Critique of EPS/RIN/RCUK/DTI "Evidence-Based Analysis of Data Concerning Scholarly Journal Publishing"

Harnad, Stevan (2006) Critique of EPS/RIN/RCUK/DTI "Evidence-Based Analysis of Data Concerning Scholarly Journal Publishing" s.n.


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This Report on UK Scholarly Journals was commissioned by RIN, RCUK and DTI, and conducted by ELS, but its questions, answers and interpretations are clearly far more concerned with the interests of the publishing lobby than with those of the research community. The Report's two relevant overall findings are correct and stated very fairly in their summary form: [1] "Overall, [self-archiving] of articles in open access repositories seems to be associated with both a larger number of citations, and earlier citations for the items deposited....The reasons for this [association] have not been clearly established - there are many factors that influence citation rates... Consistent longitudinal data over a period of years... would fill this gap." [2] "There is no evidence as yet to demonstrate any relationship (or lack of relationship) between subscription cancellations and repositories... Proving or disproving a [causal] link between availability in self-archived repositories and cancellations will be difficult without long and rigorous research." The obvious empirical and practical conclusion to draw from the findings -- that (1) all the self-archiving evidence to date is positive for research and that (2) none of the self-archiving evidence to date is negative for publishing -- would have been that the research community should now apply and extend these findings -- by applying and extending self-archiving (through self-archiving mandates) to all UK research output, along with consistent, rigorous longtitudinal studies over a period of years, to test (1) whether the positive effect on citations continues to be present (and why) and (2) whether the negative effect on subscriptions continues to be absent. But instead, the two overall findings are hedged with volumes of special pleading, based mostly on wishful thinking, to the effect that (1') the observed relationship between self-archiving and citations may not be causal, and that (2') there may exist an as-yet-unobserved causal relationship between self-archiving and cancellations after all. Even that would be alright, if this Report's conclusions were coupled with a clear endorsement of the proposed self-archiving mandates, so that the competing hypotheses can be put to a rigorous long-term test. But the only test the commissioners of this Report seem to be interested in conducting is "Open Option" publishing, i.e., authors paying publishers to make their article OA for them, instead of self-archiving it for themselves. This would certainly be a nice way to hold author self-archiving and institution/funder self-archiving mandates at bay for a few years more, while at the same time protecting publishers from undemonstrated risk of revenue loss. But it would also leave global unmandated self-archiving to continue to languish at the current spontaneous 15% rate that the self-archiving mandates had been meant to drive up to 100%. And it would leave research unprotected from its demonstrated risk of impact loss. The option of having to pay to provide OA is certainly not likely to enhance the unmandated rate of uptake by authors (though I'm sure publishers would have no quarrel with funder mandates to provide OA coupled with the funds to pay publishers' asking price for paid OA, as provided by the Wellcome Trust). The longterm test will nevertheless be conducted, because four out of eight UK Research Councils have already mandated self-archiving. Their citation rates and their cancellation rates can then be compared with those for the four that have not mandated self-archiving (and whose authors hence do it spontaneously by "self-selection"). Alas this will be mostly comparing apples and oranges (e.g. MRC vs AHRC), and it will needlessly be depriving the oranges of several more years of potential growth enhancement. My guess is that all the other councils -- except possibly the paradoxical EPSRC (which evidently thinks, with the publishing lobby, that there's still some sort of pertinent pretesting to be done for a few more years here) -- will come to their senses long before that, unpersuaded by Reports like this one.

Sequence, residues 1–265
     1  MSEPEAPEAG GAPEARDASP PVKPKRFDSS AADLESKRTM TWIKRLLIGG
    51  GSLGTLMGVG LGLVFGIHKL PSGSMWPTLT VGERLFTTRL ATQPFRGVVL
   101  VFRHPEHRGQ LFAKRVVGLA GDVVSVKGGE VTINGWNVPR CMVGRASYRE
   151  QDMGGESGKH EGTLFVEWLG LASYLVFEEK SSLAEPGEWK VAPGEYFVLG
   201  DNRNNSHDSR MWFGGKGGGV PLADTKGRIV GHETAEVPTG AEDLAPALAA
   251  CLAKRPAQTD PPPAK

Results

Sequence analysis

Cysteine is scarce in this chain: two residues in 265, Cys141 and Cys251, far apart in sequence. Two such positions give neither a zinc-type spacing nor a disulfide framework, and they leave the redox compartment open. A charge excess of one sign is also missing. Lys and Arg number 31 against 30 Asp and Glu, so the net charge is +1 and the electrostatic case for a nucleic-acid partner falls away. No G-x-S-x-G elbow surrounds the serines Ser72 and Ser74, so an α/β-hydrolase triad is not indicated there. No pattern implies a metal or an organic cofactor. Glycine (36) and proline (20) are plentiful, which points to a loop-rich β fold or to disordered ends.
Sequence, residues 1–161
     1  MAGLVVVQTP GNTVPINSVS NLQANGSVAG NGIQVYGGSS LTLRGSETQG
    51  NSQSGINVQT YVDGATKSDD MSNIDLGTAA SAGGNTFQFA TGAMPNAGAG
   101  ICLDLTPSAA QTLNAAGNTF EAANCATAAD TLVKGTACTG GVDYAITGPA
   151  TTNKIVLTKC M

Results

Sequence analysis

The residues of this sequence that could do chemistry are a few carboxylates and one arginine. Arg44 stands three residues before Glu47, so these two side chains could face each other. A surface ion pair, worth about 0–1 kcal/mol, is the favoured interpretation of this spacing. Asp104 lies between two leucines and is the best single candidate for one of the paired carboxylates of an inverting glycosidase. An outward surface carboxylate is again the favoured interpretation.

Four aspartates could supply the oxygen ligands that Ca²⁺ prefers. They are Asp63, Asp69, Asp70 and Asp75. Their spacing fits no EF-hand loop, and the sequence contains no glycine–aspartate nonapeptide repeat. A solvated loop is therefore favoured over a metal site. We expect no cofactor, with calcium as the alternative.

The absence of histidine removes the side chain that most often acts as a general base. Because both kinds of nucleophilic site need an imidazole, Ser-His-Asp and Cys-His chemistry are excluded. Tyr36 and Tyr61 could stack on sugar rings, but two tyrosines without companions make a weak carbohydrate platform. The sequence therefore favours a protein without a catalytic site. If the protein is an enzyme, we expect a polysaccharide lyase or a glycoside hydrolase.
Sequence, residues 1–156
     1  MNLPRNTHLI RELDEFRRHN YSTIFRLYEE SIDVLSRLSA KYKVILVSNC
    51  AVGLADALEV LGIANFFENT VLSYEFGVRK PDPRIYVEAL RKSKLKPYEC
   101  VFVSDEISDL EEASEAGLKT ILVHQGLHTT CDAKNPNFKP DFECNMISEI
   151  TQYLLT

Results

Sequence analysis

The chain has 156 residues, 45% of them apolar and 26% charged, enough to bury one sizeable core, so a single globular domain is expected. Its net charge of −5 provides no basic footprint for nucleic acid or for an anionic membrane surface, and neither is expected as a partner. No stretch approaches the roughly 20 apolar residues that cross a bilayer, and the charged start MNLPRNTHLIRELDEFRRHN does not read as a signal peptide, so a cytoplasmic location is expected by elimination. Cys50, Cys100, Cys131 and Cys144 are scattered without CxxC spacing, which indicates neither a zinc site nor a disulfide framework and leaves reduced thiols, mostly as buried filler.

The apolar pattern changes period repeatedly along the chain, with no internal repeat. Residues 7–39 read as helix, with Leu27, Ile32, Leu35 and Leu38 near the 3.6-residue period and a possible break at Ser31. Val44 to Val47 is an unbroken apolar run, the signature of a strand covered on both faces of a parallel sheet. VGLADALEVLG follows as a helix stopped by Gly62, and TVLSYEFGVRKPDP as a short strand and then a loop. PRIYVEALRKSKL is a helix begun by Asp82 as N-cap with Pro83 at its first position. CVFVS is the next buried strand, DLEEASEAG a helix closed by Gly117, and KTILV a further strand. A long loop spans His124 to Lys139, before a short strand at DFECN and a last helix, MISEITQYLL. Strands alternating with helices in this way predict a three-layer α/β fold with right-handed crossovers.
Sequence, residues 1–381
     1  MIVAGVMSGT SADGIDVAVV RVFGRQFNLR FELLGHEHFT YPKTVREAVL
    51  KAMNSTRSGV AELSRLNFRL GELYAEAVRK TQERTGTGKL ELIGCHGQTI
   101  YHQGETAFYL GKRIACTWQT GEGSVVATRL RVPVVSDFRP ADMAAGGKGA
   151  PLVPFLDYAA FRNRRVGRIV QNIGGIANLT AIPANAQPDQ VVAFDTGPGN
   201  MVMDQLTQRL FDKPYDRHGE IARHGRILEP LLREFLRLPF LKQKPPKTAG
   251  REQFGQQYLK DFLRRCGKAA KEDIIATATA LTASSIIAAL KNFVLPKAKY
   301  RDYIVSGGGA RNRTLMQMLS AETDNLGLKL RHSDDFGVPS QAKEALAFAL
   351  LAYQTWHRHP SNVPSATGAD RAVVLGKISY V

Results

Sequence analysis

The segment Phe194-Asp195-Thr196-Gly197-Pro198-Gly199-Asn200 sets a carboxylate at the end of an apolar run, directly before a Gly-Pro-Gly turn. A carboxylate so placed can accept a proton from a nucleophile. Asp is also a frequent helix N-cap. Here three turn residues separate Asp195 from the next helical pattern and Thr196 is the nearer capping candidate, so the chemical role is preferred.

Item Type: Monograph (Project Report)
Additional Information: Commentary On:
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Keywords: self-archiving, mandates, open access, publishing, economic models, citation impact
Organisations: Web & Internet Science
ePrint ID: 263100
Date :
Date Event
October 2006Published
Date Deposited: 13 Oct 2006
Last Modified: 23 Feb 2017 12:47
Further Information:Google Scholar

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